Modern Tire Dealer

JUN 2018

Magazine for the professional tire industry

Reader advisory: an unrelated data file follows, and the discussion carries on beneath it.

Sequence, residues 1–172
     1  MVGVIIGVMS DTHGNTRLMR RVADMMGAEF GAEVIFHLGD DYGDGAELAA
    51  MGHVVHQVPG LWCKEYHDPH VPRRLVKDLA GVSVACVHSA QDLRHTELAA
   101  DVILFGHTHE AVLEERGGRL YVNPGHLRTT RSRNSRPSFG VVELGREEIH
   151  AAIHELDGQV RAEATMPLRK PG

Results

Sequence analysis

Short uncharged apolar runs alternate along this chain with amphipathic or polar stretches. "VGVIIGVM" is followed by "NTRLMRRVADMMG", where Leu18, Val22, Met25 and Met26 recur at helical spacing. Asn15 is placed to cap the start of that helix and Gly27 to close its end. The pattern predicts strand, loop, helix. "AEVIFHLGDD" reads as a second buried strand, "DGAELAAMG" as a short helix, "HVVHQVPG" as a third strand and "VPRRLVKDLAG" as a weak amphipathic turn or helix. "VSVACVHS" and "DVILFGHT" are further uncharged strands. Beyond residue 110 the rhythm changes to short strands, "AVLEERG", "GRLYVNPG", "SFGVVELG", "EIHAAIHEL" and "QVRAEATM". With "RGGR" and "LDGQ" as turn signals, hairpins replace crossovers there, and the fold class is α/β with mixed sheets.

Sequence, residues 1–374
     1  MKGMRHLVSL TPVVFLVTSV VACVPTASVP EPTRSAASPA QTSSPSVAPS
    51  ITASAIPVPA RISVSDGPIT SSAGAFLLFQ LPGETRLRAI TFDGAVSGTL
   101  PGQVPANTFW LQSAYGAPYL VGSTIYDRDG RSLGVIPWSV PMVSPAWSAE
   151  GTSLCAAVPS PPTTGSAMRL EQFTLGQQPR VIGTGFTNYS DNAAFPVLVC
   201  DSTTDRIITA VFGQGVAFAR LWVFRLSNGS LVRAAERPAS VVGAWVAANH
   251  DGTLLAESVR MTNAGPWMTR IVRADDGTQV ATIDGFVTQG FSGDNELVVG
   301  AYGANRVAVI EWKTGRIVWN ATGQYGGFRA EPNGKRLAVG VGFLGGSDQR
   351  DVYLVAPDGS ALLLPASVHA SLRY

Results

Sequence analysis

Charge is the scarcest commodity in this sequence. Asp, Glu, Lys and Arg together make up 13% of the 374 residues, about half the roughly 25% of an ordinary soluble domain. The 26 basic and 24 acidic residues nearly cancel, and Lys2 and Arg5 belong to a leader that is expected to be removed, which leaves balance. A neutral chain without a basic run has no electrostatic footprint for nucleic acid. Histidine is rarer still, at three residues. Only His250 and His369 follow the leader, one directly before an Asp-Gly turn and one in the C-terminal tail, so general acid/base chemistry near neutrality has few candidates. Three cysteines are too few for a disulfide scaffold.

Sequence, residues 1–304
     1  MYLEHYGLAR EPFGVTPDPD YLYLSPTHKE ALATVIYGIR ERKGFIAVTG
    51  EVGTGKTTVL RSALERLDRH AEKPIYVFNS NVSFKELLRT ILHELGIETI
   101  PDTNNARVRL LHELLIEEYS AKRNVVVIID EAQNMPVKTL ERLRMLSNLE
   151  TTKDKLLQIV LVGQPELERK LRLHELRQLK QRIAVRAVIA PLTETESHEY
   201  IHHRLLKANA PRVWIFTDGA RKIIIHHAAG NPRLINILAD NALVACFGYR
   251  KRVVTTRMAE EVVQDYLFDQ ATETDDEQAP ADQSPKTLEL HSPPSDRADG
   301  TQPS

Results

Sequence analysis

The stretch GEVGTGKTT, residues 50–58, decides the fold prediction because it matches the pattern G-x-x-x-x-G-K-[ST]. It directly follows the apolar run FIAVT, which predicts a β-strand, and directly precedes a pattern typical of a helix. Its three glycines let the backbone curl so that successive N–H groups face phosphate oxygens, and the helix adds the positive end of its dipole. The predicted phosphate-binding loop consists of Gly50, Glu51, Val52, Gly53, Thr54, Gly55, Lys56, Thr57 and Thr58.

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53 w w w . M o d e r n T i r e D e a l e r . c o m Facebook: Vipal Rubber Corp SCOTT SLOAN , ag product manager/ global LSW, Titan International Inc.: I do believe we will begin to see more and more onboard inflation systems showing up in the U.S. in the next five years. As precision farming presses on from the sci- ence of the seed, application and condition standpoint, growers are going to be looking for other opportunities to improve machine performance. As tire technology has evolved with deflection technologies like IF and VF, it has enabled growers to run at lower inflations up to 40% lower. However, inflation pressure for trans- port may be different than inflation in the field. Growers will not get out of their machine to drop inflation pressures for 20 minutes to operate in the field, then re-inflate for another 30 when they get back on the road. Knowing this, we as the tire industry educate them to inflate the tire for the worst case scenario. is eliminates the possibility of damaging the tire due to an overloaded and underinflated condition. By doing this the grower is giving up footprint area in lighter conditions such as planting, which may hinder the yield. e idea of the onboard inflation system is that it allows the grower to easily and relatively quickly adjust the inflation pres- sures in the tires from the comforts of the cab. is then allows them to maximize the tire's footprint based on the load for each individual task, hence reducing compaction and potentially increasing yields. Cost, however, is still a hindrance for the technology. Aermarket systems are approximately $15,000, and at $3 corn the decision to pull the trigger on the system relies greatly on that customer's idea of the chances of them recouping their cost in additional revenue. BRADLEY HARRIS , manager of global agricultural field engineering, Firestone Ag Division, Bridgestone Americas Tire Operations LLC: Yes, central tire inflation pressure systems (CTIS) will become more popular on agricultural equipment in the future. When properly used, these systems can lead to improved traction in the field and reduced soil compaction, which can improve crop yields. ese systems allow farmers to quickly manage the inflation pressure in the tires when the axle weights on equipment changes between field and the road. This is why CTIS systems are becoming popular in Europe. A CTIS system makes sense for tractors when the axle weight changes between road transportation and field operation. The most common scenario in North America would be the planter tractor with a 2-point mounted, front fold planter. During road transport, the planter wings fold forward and the planter weight is carried on the rear axle of the tractor and only four tires on the planter. Weighing a 235 horsepower MFWD tractor with a 16/32-inch row front fold planter, the rear axle weight of the tractor is around 27,000 pounds during road transport. When the planter is unfolded in the field, the weight of the planter is now taken off the rear of the tractor and is being carried primarily by the eight tires on the planter. Now the rear axle weight of the tractor is 16,500 pounds. With dual 480/80R50

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